Life Science and Technology News
Scientists at Tokyo Institute of Technology (Tokyo Tech), Yamagata University and Harvard University have discovered that environmental oxygen plays an important role shaping the hands and feet during development. The webbing between the fingers of some animals – the interdigital membranes – is formed in different ways across species. They found that removal of the interdigital membrane by cell death depends on the production of reactive oxygen species, which only occurs in embryos exposed to a high oxygen concentration during development. This work gives an interesting example of how novel strategies to shape the body parts may appear during development, linking ecology and evolution of the limb shape.
Amphibians, such as frogs and newts, form their hands and feet by differential growth. It means that differences in the growth rate between the digital and interdigital regions will determine the final proportions of these structures. In contrast, amniotes such as birds and mammals employ also cell death to shape their limbs. Removing part of the limb tissue by cell death allowed for the evolution of a great variety of limb shapes, such as the lobed fingers of coots, and even removal of some fingers in horses and camels (Figure 1). However, how this new mechanism appeared was still unknown. Now, researchers identified a surprising factor that could have been crucial for the appearance of interdigital cell death in tetrapods during evolution: the amount of oxygen surrounding the embryo.
The study, published in Developmental Cell, is a collaboration between the teams of professors Mikiko Tanaka from Tokyo Tech, Haruki Ochi from Yamagata University and James Hanken from Harvard University. Their goal was to understand the role of environmental oxygen in the evolution of the limbs of tetrapods. The graduate student Ingrid Cordeiro and her colleagues first used the African clawed frog (Xenopus laevis) as a model, as this amphibian has interdigital membranes in their feet. When the frog tadpoles were kept under high oxygen levels, some cells in their interdigital regions died, but not in other parts of their bodies. Increasing the amount of blood vessels – the source of oxygen in the tissue – also had the same effect. These results show how a change in the environment surrounding the tadpoles can affect their development in very specific ways.
Interestingly, production of reactive oxygen species (ROS) was key in this process. ROS are often thought as detrimental to health, and production of ROS is increased in conditions such as aging or infertility. However, ROS are not always villains – they are a natural part of the metabolism that can serve as signals to the cells, including during the formation of the embryo. The researchers showed that production of ROS during interdigital cell death is required in birds. Combined with previous reports in mammals, it is now possible to hypothesize that this mechanism is shared by all amniotes, including humans. In contrast, the amphibians African clawed-frogs and the Japanese fire-bellied newt had low ROS production in their interdigital regions.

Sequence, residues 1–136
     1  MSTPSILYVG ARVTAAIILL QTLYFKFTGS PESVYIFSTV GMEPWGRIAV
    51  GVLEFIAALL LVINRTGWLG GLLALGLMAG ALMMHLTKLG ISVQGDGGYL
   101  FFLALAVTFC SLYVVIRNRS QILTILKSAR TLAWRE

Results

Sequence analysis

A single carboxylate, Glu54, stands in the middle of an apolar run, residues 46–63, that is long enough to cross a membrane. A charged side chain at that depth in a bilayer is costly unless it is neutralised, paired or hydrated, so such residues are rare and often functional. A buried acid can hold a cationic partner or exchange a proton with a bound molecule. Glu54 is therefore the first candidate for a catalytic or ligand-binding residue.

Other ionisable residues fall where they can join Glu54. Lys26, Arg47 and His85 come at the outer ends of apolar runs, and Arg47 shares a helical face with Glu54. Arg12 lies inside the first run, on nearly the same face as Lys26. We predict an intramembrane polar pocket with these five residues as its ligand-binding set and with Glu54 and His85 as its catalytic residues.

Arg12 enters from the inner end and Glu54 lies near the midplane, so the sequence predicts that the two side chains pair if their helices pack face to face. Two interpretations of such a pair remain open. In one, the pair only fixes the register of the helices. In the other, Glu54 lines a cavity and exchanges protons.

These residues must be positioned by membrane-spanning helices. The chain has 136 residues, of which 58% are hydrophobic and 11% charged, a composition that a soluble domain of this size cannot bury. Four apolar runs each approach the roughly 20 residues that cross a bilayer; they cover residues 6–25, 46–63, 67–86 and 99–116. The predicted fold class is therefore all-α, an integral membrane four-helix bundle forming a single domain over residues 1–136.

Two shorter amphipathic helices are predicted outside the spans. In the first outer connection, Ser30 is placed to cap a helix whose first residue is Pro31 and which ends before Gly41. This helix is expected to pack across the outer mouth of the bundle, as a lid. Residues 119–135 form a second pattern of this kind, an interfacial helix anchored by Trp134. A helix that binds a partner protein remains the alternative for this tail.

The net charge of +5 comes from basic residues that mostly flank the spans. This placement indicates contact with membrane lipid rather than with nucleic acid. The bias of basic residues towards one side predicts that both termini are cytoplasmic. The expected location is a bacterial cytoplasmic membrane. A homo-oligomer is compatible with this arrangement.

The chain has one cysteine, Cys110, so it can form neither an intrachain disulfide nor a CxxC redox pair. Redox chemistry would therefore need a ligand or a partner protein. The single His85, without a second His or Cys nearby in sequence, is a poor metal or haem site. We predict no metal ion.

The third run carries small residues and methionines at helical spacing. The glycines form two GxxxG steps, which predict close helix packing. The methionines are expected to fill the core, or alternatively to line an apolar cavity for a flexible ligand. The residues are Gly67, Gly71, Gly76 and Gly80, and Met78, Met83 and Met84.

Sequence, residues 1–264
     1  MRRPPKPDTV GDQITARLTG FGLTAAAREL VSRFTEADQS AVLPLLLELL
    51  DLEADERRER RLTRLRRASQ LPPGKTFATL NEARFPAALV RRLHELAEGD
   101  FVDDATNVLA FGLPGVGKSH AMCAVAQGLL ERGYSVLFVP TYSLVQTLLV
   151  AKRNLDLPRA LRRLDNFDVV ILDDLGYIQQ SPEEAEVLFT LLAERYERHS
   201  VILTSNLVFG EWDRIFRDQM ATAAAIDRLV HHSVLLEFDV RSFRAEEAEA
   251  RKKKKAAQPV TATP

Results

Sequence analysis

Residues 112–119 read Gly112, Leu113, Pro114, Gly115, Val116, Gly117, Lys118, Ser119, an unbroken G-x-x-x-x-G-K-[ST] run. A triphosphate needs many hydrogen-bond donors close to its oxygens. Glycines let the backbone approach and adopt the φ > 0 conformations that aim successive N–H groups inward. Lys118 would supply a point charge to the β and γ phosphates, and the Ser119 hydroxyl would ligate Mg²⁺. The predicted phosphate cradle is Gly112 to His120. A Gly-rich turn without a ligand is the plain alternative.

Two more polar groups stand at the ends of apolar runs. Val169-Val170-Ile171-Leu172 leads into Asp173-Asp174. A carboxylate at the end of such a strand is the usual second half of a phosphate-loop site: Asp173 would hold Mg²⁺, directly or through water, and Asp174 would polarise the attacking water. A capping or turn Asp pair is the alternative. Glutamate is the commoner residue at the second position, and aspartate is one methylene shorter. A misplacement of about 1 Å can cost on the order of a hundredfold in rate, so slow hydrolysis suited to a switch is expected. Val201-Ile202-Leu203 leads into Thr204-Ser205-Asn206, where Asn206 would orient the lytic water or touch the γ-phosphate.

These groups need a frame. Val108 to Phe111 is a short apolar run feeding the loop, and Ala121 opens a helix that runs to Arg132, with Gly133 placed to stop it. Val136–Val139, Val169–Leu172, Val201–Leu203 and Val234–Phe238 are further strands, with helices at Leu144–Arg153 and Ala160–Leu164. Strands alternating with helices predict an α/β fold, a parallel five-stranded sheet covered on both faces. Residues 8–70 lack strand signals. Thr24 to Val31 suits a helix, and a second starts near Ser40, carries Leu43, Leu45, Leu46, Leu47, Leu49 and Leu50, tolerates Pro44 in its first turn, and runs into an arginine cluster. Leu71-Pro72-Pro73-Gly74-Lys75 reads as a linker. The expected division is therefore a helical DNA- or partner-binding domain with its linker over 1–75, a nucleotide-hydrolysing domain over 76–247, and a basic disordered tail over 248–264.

Many amphibians are aquatic for part of their lives, breathing the dissolved oxygen gas from the water. In contrast, amniotes such as chicken develop in an egg that is lined with membranes full of blood vessels that exchange gases with the air. Other amniotes, such as mice and humans, have the placenta, a structure that allows them to get oxygen directly from the mother instead. In these amniotes, oxygen is obtained in a very efficient way in comparison with the amphibian tadpoles. To understand if this factor was correlated with the presence of cell death in the limbs, the researchers looked for an amphibian that was naturally exposed to more oxygen than the aquatic tadpoles.
The answer was found in the coqui frogs, which live in a lab colony in the Museum of Comparative Zoology in Harvard University. These frogs grow without a tadpole stage in terrestrial eggs, a process called direct-development, and breathe oxygen from the air. Interestingly, the coqui frogs had dying cells in the interdigital region and high production of ROS, like chickens and mice (Figure 2). This data revealed that ecological features – where the embryos are and how much oxygen surrounds it – can have a direct effect on the presence of cell death in the limbs during development.
However, additional steps might have taken place during evolution to make cell death a necessary mechanism to shape hands and feet. "It is not clear if the dying cells are integrated to limb development in these frogs" said Mikiko Tanaka. "What we can say is that, during evolution, removal of the interdigital region by cell death became essential to shape the limbs of amniotes". The researchers suggest that cell death in the limbs might have appeared as a byproduct of the high oxygen levels and ROS in this tissue, and were possibly a first step in this evolutionary process. They point out that further studies are necessary to investigate how cell death became an integral part of the limb development of amniotes, including modulation of pathways that respond to ROS and oxidative stress.
|Authors :||Ingrid Rosenburg Cordeiro1, Kaori Kabashima1, Haruki Ochi2, Keijiro Munakata1, Chika Nishimori1, Mara Laslo3, James Hanken3 and Mikiko Tanaka1,*|
|Title of original paper :||Environmental oxygen exposure allows for the evolution of interdigital cell death in limb patterning|
|Journal :||Developmental Cell|
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